Grenache is the most important red wine grape for Chateauneuf du Pape. While 13 red wine grapes are allowable by law in Chateauneuf du Pape, Grenache is the undisputed king of the wine region. Almost 72% of the region is devoted to Grenache, while its closest competitor, Syrah covers closer to 5%. However, Grenache is not just important to the Rhone valley. In fact, Grenache is one of the world’s most popular red wine grapes! In fact, Grenache is now so popular, the grape has its own holiday, International Grenache Day is celebrated every September 3!
Grenache may have been transported from Spain, where it is known as Grenacha. Grenache has been popular in the Southern Rhone since the 17th century when it was used as a blending grape to give Burgundy wines additional body and alcohol. Grenache comes in three versions, red Grenache, or Grenache Noir, white Grenache, known better as Grenache Blanc which is used as a blending grape in the Rhone Valley and the semi obscure version of white Grenache known as Grenache Gris.
Grenache, with its think skin and tight clusters is perfect for the hot, dry, sand and stone soils of Chateauneuf du Pape. The mistrial, which delivers strong, wind swept climates in Southern Rhone aids in the development of the berries. The grape enjoys a long growing season. The extra time on the vine is well spent. It allows the berry to develop high sugar levels. Grenache is one of the more alcoholic grapes. It often reaches 15% alcohol by volume. But due to its levels of sweet ripe fruits, when properly vinified, there is no sensation of heat. Grenache wines age well, according to the most important consultant working in Chateauneuf du Pape today. Philippe Cambie on Grenache – “At its best, Grenaches must express the black fruit, cherry, licorice and especially a beautiful oiliness. The wines
can be kept for 20 years, and always keep these notes of spice and white pepper.”
Grenache enjoys some of the oldest vines in Europe. In Chateauneuf du Pape, numerous growers boast vines that are over 100 years old. Those gnarled, old vines produce extremely low, yielding fruit that which makes rich, concentrated wines with true character. Grenache produces a wide variety of wines and styles all over the world for both red and white wine.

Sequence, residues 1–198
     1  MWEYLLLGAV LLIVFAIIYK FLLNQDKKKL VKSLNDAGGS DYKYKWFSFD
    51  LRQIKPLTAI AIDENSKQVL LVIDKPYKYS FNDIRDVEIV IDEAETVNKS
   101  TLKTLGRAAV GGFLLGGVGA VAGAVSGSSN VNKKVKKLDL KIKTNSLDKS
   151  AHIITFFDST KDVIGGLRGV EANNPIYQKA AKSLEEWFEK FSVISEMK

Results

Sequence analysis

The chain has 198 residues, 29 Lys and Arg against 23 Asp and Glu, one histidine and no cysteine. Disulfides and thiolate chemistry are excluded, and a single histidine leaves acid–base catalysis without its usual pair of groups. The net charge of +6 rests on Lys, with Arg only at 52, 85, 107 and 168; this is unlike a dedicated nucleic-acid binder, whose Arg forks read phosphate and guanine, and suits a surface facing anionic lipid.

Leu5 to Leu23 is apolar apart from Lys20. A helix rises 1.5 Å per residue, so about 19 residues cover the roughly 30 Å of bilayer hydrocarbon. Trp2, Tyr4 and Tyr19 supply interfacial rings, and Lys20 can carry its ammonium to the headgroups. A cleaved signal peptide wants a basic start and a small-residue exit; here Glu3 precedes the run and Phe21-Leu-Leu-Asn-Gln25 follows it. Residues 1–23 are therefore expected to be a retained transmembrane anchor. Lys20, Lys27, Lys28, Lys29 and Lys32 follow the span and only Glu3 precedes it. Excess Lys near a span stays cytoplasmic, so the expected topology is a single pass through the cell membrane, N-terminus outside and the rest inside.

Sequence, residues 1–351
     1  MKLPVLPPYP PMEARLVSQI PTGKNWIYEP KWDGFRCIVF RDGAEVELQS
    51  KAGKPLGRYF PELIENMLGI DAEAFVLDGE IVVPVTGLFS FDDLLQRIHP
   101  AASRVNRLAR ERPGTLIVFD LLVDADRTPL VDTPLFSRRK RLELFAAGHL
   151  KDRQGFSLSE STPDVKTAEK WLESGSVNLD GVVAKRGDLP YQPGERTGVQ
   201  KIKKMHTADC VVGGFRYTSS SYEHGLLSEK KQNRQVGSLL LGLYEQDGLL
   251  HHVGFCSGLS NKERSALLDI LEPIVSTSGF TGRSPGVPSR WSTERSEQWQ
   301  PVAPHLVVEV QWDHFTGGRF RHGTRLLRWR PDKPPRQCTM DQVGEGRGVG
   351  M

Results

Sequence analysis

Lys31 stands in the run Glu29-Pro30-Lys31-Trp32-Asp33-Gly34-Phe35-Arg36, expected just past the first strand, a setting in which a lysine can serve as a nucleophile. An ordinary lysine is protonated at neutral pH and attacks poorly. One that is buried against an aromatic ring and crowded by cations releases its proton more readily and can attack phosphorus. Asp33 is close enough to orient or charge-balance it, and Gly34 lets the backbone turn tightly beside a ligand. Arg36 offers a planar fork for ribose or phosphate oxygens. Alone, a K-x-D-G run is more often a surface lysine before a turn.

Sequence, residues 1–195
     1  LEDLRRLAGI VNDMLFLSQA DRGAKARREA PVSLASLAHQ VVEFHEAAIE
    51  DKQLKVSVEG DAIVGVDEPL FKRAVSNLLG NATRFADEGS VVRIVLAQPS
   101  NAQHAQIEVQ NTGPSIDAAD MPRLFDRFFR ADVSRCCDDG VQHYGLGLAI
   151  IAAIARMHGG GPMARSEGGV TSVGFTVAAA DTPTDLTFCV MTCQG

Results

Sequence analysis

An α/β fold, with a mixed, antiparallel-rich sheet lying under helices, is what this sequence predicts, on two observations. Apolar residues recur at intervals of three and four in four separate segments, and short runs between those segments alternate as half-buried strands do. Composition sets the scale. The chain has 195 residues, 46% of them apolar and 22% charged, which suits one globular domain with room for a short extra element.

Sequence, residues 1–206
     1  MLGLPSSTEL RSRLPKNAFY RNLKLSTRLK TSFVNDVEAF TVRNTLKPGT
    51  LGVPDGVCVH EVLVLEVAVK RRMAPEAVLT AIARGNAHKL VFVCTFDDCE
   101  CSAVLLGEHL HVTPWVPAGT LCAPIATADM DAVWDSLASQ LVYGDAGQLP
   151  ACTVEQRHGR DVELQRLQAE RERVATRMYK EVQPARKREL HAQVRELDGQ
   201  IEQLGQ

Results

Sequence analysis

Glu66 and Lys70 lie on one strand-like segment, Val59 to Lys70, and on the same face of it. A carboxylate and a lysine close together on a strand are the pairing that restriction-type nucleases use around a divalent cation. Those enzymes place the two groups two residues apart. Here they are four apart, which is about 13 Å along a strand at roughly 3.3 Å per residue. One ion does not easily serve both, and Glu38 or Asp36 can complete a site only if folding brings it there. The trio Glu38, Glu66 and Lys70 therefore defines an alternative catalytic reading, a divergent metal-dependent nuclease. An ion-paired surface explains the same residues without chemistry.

Grenache is one of the most versatile wines to pair with food. Due to its spicyness, pure red fruits, fresh attributes and the myriad of different levels of depth and textures, Grenache works well with a diverese array of food. Grenache pairs perfectly with grilled, stewed and braised meats like beef, veal, pork, chicken and of course game. Grenache holds up well to hearty dishes like cassoulet and it’s a good match for less spicy styles of Asian cooking.
The grape enjoys worldwide popularity in numerous growing areas. It grows well in Spain. Old vine Granacha is an important grape in Spain, especially in the Priorat appellation. In Spain, Granacha is the popular and widely planted grape varietal. But Granacha is used for wines at all ends of the spectrum in Spain from some of the best wines and some of its least expensive wines as well. Grenache is also planted with great success in Australia, Languedoc-Roussillon and America. Several wine makers use it as a stand alone variety. However, it is often blended with other grapes, most notably, Syrah, Mourvedre, Carignan and Cinsault. While most Chateauneuf du Pape wines are produced from blends, there are some wineries that use 100% Grenache, while others feature as much as 90% or more Grenache in the blend. Marie Giraud of Domaine Giraud feels that Grenache can be difficult to grow, but the results are worth the effort. “Grenache is a demanding grape. It can be quite difficult to control. When the berries are ripe, the wines are powerful, fine and complex with a lot of fruit.”